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  1. Frostcat
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    Frostcat Member

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    On Pronouns Across Paragraphs.

    Discussion in 'Word Mechanics' started by Frostcat, Mar 23, 2011.

    When I write a paragraph that largely has to do with internal thought or one person of each gender, I revert to using He and She throughout the paragraph. After having stated who He is, and who She is, I figure he and she are fairly well understood.

    Does this carry into every paragraph after until a new he or she is involved? Is there a limit? It feels... dry and clinical to write Alex and Theresa in the beginning of EVERY paragraph, like it's become a pattern of stating who it is when it seems very obvious.
     
  2. art
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    art Contributing Member Contributor

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    No need to mention it at the start of a (every) new paragraph.
    You need to mention it if you feel the reader maybe confused about who you're referring to. If you feel the reader may be getting so confused, a more pertinent question might be: ' should he/she be getting confused at this point?' ...Do I need to recast the last (x number of) sentences to make it clearer (if clearness is my goal).

    As a rule, your readers are not morons. (Except when they are)
     
  3. Trish
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    Trish I've been deleted.. again Contributor

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    LOL :D Nicely put, Art.
     
  4. Smoke
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    Smoke Contributing Member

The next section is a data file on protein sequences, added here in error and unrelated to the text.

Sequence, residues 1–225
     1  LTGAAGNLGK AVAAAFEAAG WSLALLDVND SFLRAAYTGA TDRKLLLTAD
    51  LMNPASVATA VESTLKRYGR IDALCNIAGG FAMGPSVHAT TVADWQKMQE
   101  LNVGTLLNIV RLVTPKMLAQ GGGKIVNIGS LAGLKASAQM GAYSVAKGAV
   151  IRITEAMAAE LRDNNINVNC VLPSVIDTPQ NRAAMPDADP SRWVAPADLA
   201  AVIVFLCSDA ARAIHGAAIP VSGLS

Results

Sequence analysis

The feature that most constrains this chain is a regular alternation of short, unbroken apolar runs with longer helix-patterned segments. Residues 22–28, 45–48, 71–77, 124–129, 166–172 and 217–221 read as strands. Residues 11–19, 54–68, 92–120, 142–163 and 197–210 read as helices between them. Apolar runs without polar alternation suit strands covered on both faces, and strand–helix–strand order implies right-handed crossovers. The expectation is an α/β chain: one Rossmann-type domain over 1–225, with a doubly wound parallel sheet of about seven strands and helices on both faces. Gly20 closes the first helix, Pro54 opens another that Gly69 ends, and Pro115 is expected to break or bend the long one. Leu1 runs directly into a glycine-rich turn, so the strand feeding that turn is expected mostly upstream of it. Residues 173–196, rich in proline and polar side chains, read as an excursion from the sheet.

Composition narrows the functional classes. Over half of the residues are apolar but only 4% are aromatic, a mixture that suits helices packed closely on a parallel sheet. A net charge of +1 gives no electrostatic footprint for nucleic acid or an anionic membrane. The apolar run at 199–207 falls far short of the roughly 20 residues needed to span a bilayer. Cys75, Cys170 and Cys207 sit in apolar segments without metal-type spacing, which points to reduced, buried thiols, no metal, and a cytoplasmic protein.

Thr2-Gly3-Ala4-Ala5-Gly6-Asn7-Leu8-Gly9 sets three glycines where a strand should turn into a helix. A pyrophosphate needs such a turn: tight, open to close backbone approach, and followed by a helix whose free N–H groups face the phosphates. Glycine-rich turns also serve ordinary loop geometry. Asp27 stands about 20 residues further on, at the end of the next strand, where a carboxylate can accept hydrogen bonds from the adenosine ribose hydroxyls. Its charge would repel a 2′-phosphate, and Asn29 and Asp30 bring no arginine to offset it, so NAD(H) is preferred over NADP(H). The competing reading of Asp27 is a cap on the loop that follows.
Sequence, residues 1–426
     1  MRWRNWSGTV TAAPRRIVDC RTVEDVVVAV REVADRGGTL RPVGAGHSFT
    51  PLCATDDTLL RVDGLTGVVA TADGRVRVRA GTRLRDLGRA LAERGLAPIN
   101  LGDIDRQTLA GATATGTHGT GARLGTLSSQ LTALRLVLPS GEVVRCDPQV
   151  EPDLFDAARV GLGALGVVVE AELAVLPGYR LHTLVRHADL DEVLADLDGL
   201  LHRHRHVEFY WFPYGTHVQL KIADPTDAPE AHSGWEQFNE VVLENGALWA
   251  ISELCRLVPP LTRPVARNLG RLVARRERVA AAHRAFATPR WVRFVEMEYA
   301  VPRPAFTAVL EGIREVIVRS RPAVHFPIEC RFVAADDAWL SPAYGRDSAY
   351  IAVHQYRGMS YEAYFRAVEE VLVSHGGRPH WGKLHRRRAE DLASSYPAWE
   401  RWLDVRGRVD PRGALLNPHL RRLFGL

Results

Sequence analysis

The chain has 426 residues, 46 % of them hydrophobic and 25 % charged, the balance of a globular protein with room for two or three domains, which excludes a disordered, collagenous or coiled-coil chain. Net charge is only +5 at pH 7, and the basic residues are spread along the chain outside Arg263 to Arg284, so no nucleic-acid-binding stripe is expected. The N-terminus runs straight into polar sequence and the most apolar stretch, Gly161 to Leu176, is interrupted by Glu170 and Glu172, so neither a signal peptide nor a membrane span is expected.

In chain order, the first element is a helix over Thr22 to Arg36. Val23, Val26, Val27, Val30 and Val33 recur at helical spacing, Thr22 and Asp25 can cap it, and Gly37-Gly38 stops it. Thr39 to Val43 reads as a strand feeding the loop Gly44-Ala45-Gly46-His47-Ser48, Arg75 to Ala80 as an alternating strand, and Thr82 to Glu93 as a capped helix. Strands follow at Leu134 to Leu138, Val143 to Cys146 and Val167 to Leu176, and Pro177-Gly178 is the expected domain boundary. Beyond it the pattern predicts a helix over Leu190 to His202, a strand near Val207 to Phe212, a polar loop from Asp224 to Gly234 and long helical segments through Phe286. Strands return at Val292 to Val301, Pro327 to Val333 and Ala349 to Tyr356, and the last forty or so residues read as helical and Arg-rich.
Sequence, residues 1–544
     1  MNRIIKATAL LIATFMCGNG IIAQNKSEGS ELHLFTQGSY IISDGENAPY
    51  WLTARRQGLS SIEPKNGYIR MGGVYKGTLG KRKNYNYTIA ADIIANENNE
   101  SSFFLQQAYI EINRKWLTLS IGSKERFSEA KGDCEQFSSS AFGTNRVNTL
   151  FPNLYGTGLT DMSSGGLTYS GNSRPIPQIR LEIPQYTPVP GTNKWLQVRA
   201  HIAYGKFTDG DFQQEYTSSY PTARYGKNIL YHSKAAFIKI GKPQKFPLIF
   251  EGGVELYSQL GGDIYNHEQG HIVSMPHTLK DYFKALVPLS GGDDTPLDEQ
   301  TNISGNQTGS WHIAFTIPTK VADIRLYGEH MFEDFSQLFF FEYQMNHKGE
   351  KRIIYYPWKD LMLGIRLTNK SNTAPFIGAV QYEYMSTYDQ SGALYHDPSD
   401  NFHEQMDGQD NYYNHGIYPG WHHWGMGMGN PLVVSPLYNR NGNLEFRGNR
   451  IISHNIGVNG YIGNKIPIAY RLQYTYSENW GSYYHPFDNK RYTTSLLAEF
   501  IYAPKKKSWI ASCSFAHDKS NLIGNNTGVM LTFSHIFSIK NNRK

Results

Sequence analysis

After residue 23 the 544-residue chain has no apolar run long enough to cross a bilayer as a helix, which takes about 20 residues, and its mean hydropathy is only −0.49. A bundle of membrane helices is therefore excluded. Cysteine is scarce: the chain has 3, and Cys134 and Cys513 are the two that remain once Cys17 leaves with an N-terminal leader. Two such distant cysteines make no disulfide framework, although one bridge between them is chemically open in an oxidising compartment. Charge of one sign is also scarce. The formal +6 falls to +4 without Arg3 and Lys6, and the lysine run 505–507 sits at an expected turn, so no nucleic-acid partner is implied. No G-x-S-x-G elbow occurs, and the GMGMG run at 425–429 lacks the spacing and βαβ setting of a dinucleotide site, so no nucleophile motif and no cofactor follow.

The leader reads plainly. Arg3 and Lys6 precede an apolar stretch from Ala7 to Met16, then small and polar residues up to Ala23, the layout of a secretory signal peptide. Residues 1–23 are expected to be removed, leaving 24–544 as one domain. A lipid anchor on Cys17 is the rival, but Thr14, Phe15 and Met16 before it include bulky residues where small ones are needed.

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    I figure on using his name for every four to five uses of he. If he's thinking about someone else, it's every time he switches back to himself, less when he's thinking about a female.

    It's more of finding a rhythm and tone. I'll usually tie the name to the most emotionally charged sentence of the paragraph and work outward from there.
     
  5. Frostcat
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    Frostcat Member

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    Thanks for everyone's input!

    I've been operating as most of you have been suggesting, only reaffirming character names when either a new character comes into play, or when it 'feels right.'

    Typically I won't go more than two paragraphs without repeating the names, usually by way of dialogue or some other tool beyond narrative.
     
  6. Ion
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    Ion Senior Member

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    Mix it up. If you feel like a name drop would sound better than the standard pronoun, do it. If mentioning the name isn't really that important in the sentence, go without.
     
  7. Thanshin
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    Thanshin Active Member

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    It carries until you think someone might not be sure of who He is.